No Camera Is Perfect

When high ISOs give you grain, make grain-ade. Sometimes noise reduction software saps the life out of my high-ISO images, so I go the other direction and accentuate the grain for a more painterly look.

Regular readers know that I’ve been very happy since switching to the Nikon D7000 last October. For most of what I do, the D7000 is more than adequate, and a lot of fun too. But over the weekend I shot 2400 frames at a dance competition, and I was disappointed with the results.

There’s nothing wrong with the D7000, but it has limitations I did not respect. For one thing, it boasts a low light sensitivity of ISO 6400.  With previous cameras, I  considered the highest ISOs suspect, and rarely used them. But I’ve always wanted faster shutter speeds for dance, and the allure of 1/500 overwhelmed my better judgement, so I shot the whole event at ISO 6400 and ended up with some very, very grainy images of nicely frozen action. I should have limited Auto-ISO to 3200, shot at my usual dance shutter speed of 1/320, used a monopod or tripod, and chosen my moments more carefully.

My other approach to grain: convert to black and white, since people are accustomed to seeing grainy black and white images. Actually, this one's not too grainy, because it's not significantly underexposed. But as long as I'm digressing, you may recall that B/W conversions are also my favorite solution to mixed lighting sources and over-saturated reds, which this image contains.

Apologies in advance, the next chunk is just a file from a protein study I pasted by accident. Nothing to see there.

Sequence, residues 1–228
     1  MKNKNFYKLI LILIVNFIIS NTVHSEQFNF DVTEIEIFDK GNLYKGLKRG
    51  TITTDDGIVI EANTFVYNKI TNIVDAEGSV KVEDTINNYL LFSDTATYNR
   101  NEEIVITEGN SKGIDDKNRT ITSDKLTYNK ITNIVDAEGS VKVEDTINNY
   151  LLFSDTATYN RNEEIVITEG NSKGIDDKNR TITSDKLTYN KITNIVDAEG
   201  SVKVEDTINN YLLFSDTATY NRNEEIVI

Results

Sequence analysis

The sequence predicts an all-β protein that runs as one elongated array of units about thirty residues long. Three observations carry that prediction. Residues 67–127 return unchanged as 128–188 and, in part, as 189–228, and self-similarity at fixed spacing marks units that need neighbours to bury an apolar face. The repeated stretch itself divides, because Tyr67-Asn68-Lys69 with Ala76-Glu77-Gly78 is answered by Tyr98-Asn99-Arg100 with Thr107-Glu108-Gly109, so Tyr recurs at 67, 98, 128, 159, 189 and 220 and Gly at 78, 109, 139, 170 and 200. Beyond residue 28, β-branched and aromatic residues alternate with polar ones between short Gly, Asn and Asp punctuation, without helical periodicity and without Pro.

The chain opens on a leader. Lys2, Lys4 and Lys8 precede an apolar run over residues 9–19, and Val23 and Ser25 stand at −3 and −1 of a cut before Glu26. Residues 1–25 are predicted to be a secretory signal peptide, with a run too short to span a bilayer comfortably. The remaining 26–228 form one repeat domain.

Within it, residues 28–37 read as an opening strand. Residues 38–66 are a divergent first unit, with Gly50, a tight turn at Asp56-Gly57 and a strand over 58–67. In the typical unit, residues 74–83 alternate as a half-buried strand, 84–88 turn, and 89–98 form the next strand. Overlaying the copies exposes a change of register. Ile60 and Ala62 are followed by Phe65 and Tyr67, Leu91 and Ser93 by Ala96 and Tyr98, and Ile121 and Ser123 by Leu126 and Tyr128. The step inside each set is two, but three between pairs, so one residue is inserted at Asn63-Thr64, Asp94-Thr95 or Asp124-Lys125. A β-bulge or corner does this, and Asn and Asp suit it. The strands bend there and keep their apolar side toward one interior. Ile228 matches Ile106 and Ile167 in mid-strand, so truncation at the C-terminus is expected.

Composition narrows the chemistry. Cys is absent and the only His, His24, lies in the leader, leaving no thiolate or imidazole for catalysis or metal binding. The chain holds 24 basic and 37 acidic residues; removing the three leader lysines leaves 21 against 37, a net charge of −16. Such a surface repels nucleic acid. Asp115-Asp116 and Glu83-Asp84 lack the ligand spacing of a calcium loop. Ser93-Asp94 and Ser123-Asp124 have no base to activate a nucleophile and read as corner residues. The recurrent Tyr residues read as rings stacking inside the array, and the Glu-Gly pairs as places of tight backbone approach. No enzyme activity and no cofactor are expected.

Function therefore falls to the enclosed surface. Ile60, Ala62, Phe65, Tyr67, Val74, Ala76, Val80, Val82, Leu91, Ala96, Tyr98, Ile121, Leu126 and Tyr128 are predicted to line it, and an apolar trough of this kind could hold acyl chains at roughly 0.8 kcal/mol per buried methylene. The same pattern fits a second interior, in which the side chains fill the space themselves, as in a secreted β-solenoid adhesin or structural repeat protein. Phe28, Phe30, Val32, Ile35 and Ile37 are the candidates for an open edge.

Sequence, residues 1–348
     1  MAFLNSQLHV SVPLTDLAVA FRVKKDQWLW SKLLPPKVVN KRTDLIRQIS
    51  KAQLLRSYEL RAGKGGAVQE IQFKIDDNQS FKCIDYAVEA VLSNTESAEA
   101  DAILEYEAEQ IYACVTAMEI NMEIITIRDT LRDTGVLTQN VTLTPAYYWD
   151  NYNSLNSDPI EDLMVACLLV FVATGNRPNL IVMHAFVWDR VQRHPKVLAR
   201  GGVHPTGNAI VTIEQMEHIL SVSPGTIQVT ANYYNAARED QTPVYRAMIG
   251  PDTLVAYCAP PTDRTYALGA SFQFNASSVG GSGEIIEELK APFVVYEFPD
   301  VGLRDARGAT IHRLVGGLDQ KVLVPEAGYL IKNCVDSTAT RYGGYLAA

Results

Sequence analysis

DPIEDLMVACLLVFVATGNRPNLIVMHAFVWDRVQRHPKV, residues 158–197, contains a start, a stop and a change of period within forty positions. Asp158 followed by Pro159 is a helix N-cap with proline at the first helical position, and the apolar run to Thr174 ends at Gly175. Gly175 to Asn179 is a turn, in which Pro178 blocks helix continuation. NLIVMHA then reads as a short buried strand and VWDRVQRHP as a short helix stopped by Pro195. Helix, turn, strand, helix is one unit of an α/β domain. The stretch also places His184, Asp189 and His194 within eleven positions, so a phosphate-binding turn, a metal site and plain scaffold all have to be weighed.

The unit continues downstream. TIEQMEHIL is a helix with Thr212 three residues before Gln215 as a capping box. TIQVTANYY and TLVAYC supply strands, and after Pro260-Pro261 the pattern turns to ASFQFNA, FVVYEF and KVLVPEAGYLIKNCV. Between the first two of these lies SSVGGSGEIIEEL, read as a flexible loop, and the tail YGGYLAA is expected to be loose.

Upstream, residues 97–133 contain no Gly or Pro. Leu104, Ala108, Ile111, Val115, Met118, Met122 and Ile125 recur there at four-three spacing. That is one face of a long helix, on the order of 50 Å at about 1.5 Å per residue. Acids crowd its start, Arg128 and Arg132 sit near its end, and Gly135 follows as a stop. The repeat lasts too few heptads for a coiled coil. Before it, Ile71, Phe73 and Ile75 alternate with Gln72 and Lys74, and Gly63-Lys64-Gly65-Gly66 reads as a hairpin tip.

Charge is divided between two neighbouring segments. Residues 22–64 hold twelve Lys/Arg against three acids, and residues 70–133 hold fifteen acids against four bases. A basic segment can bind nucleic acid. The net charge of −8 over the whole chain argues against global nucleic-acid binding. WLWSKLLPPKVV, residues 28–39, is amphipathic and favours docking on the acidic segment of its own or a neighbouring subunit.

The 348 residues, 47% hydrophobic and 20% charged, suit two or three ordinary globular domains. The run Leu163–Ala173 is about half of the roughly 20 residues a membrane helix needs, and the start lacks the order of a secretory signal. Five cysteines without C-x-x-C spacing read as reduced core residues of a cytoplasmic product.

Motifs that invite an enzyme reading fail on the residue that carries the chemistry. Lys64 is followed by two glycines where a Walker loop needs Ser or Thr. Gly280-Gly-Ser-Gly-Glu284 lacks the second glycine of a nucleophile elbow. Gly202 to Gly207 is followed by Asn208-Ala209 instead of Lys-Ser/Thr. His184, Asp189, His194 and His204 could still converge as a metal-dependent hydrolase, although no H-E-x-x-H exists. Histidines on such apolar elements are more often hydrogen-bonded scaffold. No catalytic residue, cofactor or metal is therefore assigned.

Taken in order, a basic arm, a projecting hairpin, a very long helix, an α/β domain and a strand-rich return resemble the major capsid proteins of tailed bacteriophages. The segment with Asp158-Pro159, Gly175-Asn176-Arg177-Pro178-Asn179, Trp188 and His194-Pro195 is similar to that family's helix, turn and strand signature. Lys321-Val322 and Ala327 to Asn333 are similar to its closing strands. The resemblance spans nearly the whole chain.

But wait, shooting at ISO 6400 wasn’t even my biggest mistake! During rehearsals, I became enamored of Nikon’s 3D Tracking autofocus feature. Perhaps you’ve heard the expression, “It went so well in rehearsal!” That’s how I felt while reviewing hundreds of mis-focused images. I failed to consider two important things about the 3D focus tracking: 1) it’s slightly slower than the other dynamic modes when acquiring focus, and 2) when two people are wearing the same costume, it gets confused. During rehearsals, the dancers wore street clothes, and the camera had no trouble telling who was who. Not so for several of the dances.

Because I was off to one side, I tried to keep the foreground dancer in focus. I rarely succeeded in cases like this. The 3D focus tracking couldn't tell the subjects apart, and seemed to be drawn to the higher contrast lighting of the dancer in the background. This happened all night.

In the future, I’ll stick with 9 or 21 point dynamic autofocus for dance, as this worked well in the past. I chose the D7000 as the best compromise for the kind of photography I do MOST of the time. There’s a reason sports and news shooters choose Nikon’s higher end cameras. They offer faster focusing, higher ISOs, and speedy frame rates for fast action. They also cost at least five times what a D7000 costs, and I generally work with two camera bodies. The Nikon D3s might be perfect for dance photography, but two of them would cost over $10,000.  I’d have to sell a lot of 4×6 prints to justify that…

I got a few nice images, and achieved my primary goal to provide keepsakes for the participants and a record for the teacher. But you know, I still want to make a great dance photograph, and I'm going to keep trying.

After the competition, alum Tenaya Cowsill performed. I moved in closer with a shorter lens, and was ready as she moved through the best lit part of the stage. This may have provided the best lesson for next year: If I don't care about the audience, I can move around in front of the stage and get some interesting stuff. I must resolve to be more ruthless in the future.

1 Comment

Filed under Camera Gear, Camera Settings, Dance and Theater, Low Light, Post Processing

One response to “No Camera Is Perfect

  1. Pingback: Is My D7000 Honeymoon Over? | Camera Club Confidential

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